It’s Not the Banks – It’s the Bankers


The Washington Post reports that authorities at the Justice Department will not seek indictments of banks and insurers for inflating the value of mortgage-related investments. They plan to seek criminal charges focused on false statements and insider trading of individuals instead. This is in stark contrast to six years ago when we saw the rapid demise of Enron and Arthur Andersen.

Officials from the Justice Department have vowed to figure out the details of the current market crisis. They promise not to go easy on the bad guys:

Deputy Attorney General Mark R. Filip vowed that prosecutors would press ahead to decode the obscure financial products at the heart of the market’s troubles. He said there would be “no unwillingness to take the facts and the law where they lead.”

How will this change of tactic affect our collective confidence?

I for one would be glad to see the bad guys get their due. The buck has to stop somewhere. I hope the Justice Department has the resources to track the financial breakdown in a way that makes mistakes clear. At least those that are knowable. How else can we hope to avoid a repeat?

We’ve all tried to struggle these past weeks with the vast complexity of our economic system. However, some things are easy to understand – like bankers breaking rules. (And politicians making bad rules, or taking the good ones away.)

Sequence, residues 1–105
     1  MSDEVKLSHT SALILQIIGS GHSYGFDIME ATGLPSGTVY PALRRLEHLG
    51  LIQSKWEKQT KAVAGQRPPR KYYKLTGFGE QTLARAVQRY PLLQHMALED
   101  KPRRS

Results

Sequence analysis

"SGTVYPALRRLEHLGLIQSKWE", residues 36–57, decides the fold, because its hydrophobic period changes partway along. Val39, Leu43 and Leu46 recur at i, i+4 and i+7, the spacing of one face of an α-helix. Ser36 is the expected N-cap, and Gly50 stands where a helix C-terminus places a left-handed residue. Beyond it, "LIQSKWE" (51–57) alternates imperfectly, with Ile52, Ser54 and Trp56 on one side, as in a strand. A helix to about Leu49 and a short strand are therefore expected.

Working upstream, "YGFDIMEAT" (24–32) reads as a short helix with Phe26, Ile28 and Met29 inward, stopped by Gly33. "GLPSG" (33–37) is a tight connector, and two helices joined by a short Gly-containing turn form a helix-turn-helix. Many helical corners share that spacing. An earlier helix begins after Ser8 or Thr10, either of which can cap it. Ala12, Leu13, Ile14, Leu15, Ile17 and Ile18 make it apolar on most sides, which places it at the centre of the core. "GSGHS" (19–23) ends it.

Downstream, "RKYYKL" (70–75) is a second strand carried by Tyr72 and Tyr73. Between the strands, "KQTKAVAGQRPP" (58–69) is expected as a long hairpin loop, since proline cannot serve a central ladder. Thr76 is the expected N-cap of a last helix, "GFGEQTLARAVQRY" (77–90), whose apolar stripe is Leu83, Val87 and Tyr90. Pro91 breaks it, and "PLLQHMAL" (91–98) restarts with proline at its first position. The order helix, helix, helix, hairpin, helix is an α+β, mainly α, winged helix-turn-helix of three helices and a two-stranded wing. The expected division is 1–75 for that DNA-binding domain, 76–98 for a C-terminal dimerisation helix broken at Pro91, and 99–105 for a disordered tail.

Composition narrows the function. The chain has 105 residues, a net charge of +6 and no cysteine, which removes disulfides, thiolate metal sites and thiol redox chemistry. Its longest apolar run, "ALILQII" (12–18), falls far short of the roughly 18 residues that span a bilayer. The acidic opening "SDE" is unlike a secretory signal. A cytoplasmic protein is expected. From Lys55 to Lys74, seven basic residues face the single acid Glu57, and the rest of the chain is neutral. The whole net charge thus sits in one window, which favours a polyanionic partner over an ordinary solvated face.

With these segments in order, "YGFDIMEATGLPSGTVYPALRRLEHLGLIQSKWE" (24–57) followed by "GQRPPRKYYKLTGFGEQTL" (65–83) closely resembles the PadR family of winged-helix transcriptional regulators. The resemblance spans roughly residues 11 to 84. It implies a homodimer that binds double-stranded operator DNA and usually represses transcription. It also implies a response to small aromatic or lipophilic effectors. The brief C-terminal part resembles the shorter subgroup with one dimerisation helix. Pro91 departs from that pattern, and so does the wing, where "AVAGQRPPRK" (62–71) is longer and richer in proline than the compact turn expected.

I’m happy we’re going after individuals. Concrete charges against a handful of Wall Streeters may not show us the whole picture, but it gives us a place to start. The Post reports two former Bear Stearns fund managers face charges for allegedly misleading (lying to) investors about the financial health of their product.

“It’s always fraudulent when you have a material misrepresentation, deliberately made, with the intent to deceive and for personal gain,” said Gil M. Soffer, who oversees corporate fraud prosecutions at the Justice Department.

What do you think? Is this the right thing to do or just another spin on the same old story?

  • Drea

    This is good. Seeing heads roll will both assuage the angry population some (finger pointing can be so cathartic!) and send bankers a message of how far to push their tactics.

    The con argument would be that systemic problems, ie. lack of oversight, permitted this kind of wild money-seeking behavior to prosper. But bankers certainly weren’t innocent. People usually sense or know when something goes bad. When they push it anyway, they’re risking punitive action. That’s the way it should be.